Million Dollar Baby


Kirk Honeycutt
This review was written for the theatrical release of "Million Dollar Baby."

Encouraged by the positive reaction to "Mystic River," Clint Eastwood continues his exploration of the tragic side of human existence in "Million Dollar Baby," a film that enters a murky area of the soul where a man can hide out from his God even as he seeks His mercy. On the surface, the film is a simple boxing story about a hellcat from the Ozarks and the grizzled Irish Catholic trainer who takes her on. Under Eastwood's painstakingly stripped-down direction -- his filmmaking has become the cinematic equivalent of Hemingway's spare though precise prose -- the story emerges as that rarest of birds, an uplifting tragedy.

"Million Dollar Baby" may appeal to a narrower range of moviegoers than the usual Eastwood film. The film lacks the propulsive energy of "Mystic River," which, after all, was a crime tale, and the story rarely leaves the gym or boxing ring. While the film should achieve above-average results in urban markets, critical reaction and possible Oscar nominations may add substantially to the boxoffice.

Paul Haggis' screenplay is drawn from a story in "Rope Burns: Stories From the Corner," a collection of short stories based on the experiences of longtime cutman and fight manager Jerry Boyd, writing at age 70 under the pen name of F.X. Toole. What one must get used to is a writing style that favors stereotypes and familiar plots. It is the force of the personality Eastwood, Hilary Swank and Morgan Freeman bring to these gym rats that causes them to emerge as convincing archetypes in a story of almost mystical heroism.

Frankie Dunn (Eastwood) is an emotionally closed, sour individual. Estranged from his only daughter -- the movie never gets to the bottom of how he earned her scorn -- he holes up in his downtown L.A. gym, surrounded by fighters and Scap (Freeman), an ex-boxer who runs the place. Frankie is not on good terms with God, either. He attends Mass nearly every day but does so mostly to argue with the exasperated priest (Brian O'Byrne).

When Maggie Fitzgerald (Swank), an emotionally scared hillbilly, asks him to train her, his answer is curt: At 31, she is too old, and he doesn't train "girlies." Nonetheless, she works out at his gym for a year, getting occasional tips from Scrap, before wearing Frankie down to where he grudgingly takes her on. The rocky road taken by fighter and trainer leads to a championship match. Here the story takes an abrupt turn into tragedy that forces the two to confront the true meaning of love and the strange way fate can deliver redemption.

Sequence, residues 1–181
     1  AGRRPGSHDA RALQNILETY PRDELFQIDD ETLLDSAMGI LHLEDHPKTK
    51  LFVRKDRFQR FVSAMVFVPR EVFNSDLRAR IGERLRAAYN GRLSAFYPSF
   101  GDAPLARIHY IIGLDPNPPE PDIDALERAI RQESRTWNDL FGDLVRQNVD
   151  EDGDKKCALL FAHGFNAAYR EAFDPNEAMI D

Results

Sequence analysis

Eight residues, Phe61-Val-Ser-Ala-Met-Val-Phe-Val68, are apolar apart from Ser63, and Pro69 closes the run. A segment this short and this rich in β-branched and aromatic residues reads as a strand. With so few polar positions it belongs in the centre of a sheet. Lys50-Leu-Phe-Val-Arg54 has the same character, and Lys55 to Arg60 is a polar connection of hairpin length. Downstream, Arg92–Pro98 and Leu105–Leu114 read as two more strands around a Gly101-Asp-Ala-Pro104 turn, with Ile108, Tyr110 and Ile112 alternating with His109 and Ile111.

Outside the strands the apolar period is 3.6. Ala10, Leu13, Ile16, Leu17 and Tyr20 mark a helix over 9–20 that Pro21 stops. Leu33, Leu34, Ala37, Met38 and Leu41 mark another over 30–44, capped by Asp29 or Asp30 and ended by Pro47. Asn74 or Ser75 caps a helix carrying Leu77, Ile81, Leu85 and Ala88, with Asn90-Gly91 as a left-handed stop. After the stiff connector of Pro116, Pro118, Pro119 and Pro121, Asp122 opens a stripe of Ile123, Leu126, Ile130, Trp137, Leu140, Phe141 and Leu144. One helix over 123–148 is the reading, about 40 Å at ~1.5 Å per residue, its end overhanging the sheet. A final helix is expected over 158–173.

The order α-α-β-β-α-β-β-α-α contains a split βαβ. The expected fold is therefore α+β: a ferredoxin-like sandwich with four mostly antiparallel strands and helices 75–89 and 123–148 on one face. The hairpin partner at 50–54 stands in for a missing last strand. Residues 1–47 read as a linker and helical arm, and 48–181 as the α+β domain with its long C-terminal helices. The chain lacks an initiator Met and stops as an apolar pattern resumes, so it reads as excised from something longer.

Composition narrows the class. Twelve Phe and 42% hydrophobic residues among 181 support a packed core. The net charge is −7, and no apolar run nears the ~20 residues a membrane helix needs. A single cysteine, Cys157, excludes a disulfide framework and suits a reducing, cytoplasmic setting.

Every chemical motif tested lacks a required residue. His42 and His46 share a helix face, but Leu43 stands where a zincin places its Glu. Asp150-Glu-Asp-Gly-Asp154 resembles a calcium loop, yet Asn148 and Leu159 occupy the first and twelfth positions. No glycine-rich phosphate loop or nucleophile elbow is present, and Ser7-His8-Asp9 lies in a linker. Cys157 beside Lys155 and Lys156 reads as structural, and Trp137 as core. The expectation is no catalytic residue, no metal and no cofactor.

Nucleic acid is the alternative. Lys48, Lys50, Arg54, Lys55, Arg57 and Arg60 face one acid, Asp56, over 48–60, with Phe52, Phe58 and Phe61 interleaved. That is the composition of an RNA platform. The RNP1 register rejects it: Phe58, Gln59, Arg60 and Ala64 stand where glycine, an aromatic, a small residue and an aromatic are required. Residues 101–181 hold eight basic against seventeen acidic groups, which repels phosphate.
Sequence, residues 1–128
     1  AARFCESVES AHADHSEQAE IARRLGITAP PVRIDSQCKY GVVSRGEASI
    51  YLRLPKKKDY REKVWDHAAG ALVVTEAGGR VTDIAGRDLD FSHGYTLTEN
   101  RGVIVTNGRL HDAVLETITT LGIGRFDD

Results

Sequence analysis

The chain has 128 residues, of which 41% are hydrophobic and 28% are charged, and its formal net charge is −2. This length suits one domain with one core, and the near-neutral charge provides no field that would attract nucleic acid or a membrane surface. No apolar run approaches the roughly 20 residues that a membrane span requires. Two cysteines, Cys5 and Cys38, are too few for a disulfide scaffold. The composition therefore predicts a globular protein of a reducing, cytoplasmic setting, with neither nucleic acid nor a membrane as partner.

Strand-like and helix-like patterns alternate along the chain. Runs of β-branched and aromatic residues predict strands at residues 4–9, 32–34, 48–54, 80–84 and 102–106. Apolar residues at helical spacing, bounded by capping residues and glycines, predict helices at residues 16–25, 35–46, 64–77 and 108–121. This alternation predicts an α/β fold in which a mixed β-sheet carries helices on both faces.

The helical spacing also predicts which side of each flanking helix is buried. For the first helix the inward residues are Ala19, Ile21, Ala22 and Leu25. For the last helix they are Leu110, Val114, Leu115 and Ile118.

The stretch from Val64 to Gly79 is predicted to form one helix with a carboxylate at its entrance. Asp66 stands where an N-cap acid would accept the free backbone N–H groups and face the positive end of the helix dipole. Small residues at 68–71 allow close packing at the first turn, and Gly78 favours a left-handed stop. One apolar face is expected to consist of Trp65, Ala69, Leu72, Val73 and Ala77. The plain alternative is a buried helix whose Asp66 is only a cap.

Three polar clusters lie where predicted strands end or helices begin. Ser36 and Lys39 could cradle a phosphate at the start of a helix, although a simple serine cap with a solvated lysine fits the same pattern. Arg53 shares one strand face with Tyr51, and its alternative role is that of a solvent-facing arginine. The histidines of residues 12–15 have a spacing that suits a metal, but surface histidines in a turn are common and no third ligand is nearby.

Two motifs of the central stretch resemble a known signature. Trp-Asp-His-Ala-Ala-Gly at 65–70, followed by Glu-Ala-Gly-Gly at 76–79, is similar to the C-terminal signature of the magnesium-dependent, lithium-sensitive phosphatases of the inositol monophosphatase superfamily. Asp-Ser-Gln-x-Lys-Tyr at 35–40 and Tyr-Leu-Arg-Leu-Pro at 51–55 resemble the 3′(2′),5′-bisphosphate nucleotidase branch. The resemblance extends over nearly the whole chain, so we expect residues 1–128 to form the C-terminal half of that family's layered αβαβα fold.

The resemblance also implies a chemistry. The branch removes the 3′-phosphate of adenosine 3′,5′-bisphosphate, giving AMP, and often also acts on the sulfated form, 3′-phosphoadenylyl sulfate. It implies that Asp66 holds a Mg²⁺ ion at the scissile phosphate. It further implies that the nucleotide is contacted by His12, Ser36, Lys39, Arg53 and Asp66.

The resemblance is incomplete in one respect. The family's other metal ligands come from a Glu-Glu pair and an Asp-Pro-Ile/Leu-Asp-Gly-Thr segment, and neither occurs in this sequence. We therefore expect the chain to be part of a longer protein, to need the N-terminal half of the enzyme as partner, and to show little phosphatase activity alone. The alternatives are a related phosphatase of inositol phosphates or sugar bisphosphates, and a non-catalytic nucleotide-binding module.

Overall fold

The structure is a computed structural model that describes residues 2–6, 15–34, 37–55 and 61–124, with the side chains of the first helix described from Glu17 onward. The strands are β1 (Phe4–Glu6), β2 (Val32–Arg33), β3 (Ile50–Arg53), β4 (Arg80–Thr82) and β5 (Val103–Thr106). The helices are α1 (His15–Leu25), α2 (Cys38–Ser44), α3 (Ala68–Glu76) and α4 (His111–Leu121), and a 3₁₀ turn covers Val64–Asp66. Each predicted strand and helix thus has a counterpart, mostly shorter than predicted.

The film has few characters. Jay Baruchel stands out as a mentally challenged man with delusions of becoming a boxer. Maggie's trailer-trash family threatens to overwhelm the movie with cliches. Otherwise, "Million Dollar Baby" is a three-character drama.

Clearly, Maggie becomes the daughter Frankie lacks, but theirs is a combative relationship in which they are never on the same page until the end. Similarly, Frankie and Scrap bicker like an old married couple, yet beneath the surface is a compelling symbiosis. Frankie was cutman on Scrap's last fight, where he lost an eye. Frankie can never forgive himself for not finding a way to stop the brutal bout, and Scrap knows how quickly Frankie would fall apart were he to ever leave.

What happened to Scrap has made Frankie overly cautious. He tells all his fighters to protect themselves, but what he really wants to protect is himself. Thus, he never puts his boxers into title fights, which drives them to managers who will. When he finally does agree to a title fight, his worst fears are confirmed.

The film is told in a voice-over narration by Scrap in which the poetry and homilies are a bit self-conscious. Director Eastwood keeps individual scenes simple and quick, like Maggie's fights. Once he gets the emotional impact he's after, he cuts and moves quickly on.

Similarly, Eastwood's music (orchestrated by Lennie Niehaus) is paired down, often to a lonesome guitar that reflects the characters' melancholy. Henry Bumstead's sets look old and worn. You can smell the stale sweat. Tom Stern's cinematography is straightforward in muted colors as the film plays nicely with light and shadows.

Warner Bros. Pictures
Warner Bros. Pictures presents in association with Lakeshore EntertainmentA Malpaso/Ruddy Morgan production

Director-music: Clint Eastwood
Screenwriter: Paul Haggis
Based on "Rope Burns" by: F.X. Toole
Producers: Albert S. Ruddy, Tom Rosenberg, Paul Haggis
Executive producers: Gary Lucchesi, Robert Lorenz
Director of photography: Tom Stern
Production designer: Henry Bumstead
Music orchestration: Lennie Niehaus
Co-producer: Bobby Moresco
Costumes: Deborah Hopper
Editor: Joel Cox
Frankie Dunn: Clint Eastwood
Maggie Fitzgerald: Hilary Swank
Eddie Scrap-Iron Dupris: Morgan Freeman
Danger Barch: Jay Baruchel
Big Willie Little: Mike Colter
Billie "The Blue Bear": Lucia Rijker
Father Horvak: Brian O'Byrne
Shawrelle Berry: Anthony Mackie
MPAA rating PG-13
Running time -- 132 minutes